letter as a Motion for Extension of Time to Respond and
granted Coleman thirty days from June 24, 2016 to file a
response. ECF No. 30. Coleman filed his response on July 29,
2016. ECF No. 31.
MOTION TO DISMISS OR, IN THE ALTERNATIVE, MOTION FOR SUMMARY
Standard of Review
have styled their motion as a motion to dismiss under Federal
Rule of Civil Procedure 12(b)(6), or in the alternative, a
motion for summary judgment under Rule 56. "A motion
styled in this manner implicates the court's discretion
under Rule 12(d) of the Federal Rules of Civil
Procedure." McCray v. Md. DOT., No.
ELH-11-3732, 2013 U.S. Dist. LEXIS 8513, at * 15 (D. Md. Jan.
16, 2013); see also Fed. R. Civ. P. 12(d) ("If,
on a motion under Rule 12(b)(6) or 12(c), matters outside the
pleadings are presented to and not excluded by the court, the
motion must be treated as one for summary judgment under Rule
56."). Pursuant to Rule 12(d), the Court has discretion
to determine whether to accept evidence outside the
pleadings, and thus convert a Rule 12(b)(6) motion to a Rule
56 motion. Id. at *16. Typically, all parties must
then be given the opportunity to present all material
pertinent to the motion, Fed.R.Civ.P. 12(d), but when the
moving party captions its motion "in the
alternative" and presents evidence outside the pleadings
for the Court's consideration, the parties are deemed to
have notice that the Court may treat the motion as one for
summary judgment under the parameters of Rule 12(d).
McCray, 2013 U.S. Dist. LEXIS 8513, at *17.
instant case, Defendants' motion relies heavily on video
footage from a dashboard camera in Gott's car. Coleman
likewise references the video in his Amended Complaint and
had full opportunity to respond to this evidence. Thus, it
appears that both parties agree the video is helpful to the
Court's resolution of this motion and neither side has
requested additional discovery in this regard. See
McCray, 2013 U.S. Dist. LEXIS 8513, at *16 ("In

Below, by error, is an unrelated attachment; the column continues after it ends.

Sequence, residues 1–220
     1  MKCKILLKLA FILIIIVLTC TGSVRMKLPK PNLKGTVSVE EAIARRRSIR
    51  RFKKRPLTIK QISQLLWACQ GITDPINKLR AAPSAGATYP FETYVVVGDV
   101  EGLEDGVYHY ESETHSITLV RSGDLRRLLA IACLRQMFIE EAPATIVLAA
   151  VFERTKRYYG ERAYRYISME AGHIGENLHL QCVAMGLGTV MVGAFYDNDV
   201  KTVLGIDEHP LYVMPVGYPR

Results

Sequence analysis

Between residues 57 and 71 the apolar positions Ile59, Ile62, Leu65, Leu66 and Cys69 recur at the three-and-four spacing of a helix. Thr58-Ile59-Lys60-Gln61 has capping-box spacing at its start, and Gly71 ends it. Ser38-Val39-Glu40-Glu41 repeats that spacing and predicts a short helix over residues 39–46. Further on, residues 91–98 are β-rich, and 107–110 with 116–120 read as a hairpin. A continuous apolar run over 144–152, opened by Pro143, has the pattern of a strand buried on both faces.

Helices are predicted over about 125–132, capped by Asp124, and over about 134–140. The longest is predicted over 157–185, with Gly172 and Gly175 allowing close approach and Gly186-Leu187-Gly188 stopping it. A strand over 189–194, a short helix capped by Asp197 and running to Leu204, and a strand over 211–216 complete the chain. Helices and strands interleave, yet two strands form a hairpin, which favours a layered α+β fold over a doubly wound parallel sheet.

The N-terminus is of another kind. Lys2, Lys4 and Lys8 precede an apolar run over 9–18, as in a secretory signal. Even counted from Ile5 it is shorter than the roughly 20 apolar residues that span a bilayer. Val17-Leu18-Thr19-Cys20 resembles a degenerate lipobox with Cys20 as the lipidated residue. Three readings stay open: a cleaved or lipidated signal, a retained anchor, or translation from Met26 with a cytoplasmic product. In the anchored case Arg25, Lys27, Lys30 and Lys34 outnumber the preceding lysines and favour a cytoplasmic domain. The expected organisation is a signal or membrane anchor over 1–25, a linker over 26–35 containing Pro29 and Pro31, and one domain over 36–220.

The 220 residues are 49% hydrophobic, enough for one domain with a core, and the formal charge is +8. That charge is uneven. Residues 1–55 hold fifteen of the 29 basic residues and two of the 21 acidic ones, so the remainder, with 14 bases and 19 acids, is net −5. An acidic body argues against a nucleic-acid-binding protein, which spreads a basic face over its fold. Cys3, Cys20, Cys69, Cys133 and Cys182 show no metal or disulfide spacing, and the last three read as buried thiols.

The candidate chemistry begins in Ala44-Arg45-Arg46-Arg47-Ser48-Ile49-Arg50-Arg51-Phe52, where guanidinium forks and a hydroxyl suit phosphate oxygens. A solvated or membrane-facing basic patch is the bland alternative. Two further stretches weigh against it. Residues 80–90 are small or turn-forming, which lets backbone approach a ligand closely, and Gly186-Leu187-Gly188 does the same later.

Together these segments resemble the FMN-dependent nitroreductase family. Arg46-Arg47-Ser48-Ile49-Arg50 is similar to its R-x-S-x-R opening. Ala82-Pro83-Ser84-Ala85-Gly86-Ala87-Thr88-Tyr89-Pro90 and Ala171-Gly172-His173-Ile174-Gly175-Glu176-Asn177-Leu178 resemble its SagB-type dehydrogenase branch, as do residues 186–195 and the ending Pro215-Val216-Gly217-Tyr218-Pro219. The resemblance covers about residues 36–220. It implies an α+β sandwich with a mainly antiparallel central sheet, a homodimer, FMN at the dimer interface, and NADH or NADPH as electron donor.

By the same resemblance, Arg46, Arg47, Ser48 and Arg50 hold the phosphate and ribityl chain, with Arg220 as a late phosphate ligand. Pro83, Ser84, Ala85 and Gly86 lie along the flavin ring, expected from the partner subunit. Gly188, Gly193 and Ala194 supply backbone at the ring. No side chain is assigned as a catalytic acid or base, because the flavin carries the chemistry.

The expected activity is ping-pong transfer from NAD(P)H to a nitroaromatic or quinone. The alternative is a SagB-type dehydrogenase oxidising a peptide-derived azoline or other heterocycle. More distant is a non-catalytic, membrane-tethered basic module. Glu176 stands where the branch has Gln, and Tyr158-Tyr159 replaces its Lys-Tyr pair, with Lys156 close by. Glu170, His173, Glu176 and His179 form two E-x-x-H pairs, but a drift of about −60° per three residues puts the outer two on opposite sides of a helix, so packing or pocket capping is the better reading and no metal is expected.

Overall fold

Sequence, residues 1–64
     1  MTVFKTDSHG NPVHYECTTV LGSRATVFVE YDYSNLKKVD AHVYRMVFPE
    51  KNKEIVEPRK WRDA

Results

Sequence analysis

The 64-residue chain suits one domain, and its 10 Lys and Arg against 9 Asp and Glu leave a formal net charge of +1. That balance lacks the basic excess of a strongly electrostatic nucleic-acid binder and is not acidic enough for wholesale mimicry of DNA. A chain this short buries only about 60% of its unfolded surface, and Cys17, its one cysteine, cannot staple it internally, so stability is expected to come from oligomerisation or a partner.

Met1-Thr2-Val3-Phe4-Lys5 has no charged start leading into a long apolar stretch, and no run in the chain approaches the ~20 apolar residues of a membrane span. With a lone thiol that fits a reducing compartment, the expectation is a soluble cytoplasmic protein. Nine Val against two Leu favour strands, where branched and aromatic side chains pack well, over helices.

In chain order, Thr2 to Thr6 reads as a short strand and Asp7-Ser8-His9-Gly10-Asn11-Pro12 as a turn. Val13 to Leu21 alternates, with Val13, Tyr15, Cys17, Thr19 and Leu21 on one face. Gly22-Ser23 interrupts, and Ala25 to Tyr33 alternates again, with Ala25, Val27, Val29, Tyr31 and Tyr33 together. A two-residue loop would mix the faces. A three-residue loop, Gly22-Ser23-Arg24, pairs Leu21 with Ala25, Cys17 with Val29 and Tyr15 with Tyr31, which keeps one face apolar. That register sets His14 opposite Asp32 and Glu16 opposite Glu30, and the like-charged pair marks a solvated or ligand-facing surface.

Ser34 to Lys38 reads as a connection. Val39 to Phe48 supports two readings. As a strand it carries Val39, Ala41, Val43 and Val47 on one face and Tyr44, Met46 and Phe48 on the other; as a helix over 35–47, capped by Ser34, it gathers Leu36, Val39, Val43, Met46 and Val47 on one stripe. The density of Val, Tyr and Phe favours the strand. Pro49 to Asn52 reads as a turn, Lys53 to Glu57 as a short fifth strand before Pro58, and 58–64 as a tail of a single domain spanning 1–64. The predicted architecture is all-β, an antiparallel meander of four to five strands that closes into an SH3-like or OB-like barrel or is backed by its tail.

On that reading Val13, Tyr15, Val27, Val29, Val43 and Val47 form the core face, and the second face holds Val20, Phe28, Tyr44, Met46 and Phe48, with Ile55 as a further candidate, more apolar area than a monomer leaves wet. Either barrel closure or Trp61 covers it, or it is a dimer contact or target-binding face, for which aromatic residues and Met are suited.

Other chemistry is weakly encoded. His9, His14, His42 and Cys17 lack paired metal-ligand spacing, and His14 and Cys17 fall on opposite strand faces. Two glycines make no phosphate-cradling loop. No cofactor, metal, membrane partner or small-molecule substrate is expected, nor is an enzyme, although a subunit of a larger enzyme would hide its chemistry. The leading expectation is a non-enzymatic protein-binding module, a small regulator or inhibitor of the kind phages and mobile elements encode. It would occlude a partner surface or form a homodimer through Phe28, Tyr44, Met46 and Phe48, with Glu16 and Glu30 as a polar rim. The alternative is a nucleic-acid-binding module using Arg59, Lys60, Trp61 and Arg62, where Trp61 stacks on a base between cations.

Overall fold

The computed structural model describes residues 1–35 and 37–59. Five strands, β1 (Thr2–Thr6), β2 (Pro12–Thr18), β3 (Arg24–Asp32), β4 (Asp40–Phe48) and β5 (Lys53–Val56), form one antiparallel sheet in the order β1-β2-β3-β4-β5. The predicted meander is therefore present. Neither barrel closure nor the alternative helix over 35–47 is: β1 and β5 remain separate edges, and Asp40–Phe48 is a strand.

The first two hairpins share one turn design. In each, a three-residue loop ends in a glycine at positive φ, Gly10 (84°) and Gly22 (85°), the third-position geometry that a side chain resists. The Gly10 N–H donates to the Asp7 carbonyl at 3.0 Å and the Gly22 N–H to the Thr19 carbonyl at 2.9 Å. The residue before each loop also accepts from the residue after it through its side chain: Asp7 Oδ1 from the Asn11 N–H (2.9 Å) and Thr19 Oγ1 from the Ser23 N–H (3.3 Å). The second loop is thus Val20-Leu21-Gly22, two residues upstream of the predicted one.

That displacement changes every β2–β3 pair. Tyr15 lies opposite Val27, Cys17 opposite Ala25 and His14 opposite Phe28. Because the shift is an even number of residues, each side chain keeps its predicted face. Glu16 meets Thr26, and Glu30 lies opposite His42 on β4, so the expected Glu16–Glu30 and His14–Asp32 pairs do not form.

general, courts are guided by whether consideration of
extraneous material 'is likely to facilitate the
disposition of the action, ' and 'whether discovery
prior to the utilization of the summary judgment
procedure' is necessary.") (citation omitted).
Accordingly, conversion of the motion to a motion for summary
judgment under Rule 56 is appropriate.
judgment is appropriate only when the Court, viewing the
record as a whole and in the light most favorable to the
non-moving party, determines that there exists no genuine
issue of material fact and that the moving party is entitled
to judgment as a matter of law. See Celotex Corp. v.
Catrett, 477 U.S. 317, 322-24 (1986); Anderson v.
Liberty Lobby, Inc., Ml U.S. 242, 24850 (1986). Once a
party has properly filed evidence supporting the motion for
summary judgment, the non-moving party may not rest upon mere
allegations in the pleadings, but must instead set forth
specific facts illustrating genuine issues for trial.
Celotex, 477 U.S. at 322-24.
Court "must review the motion, even if unopposed, and
determine from what it has before it whether the moving party
is entitled to summary judgment as a matter of law."
Custer v. Pan American Life Ins. Co., 12 F.3d 410,
416 (4th Cir. 1993). If the non-movant's version of the
facts are "so utterly discredited by the record, "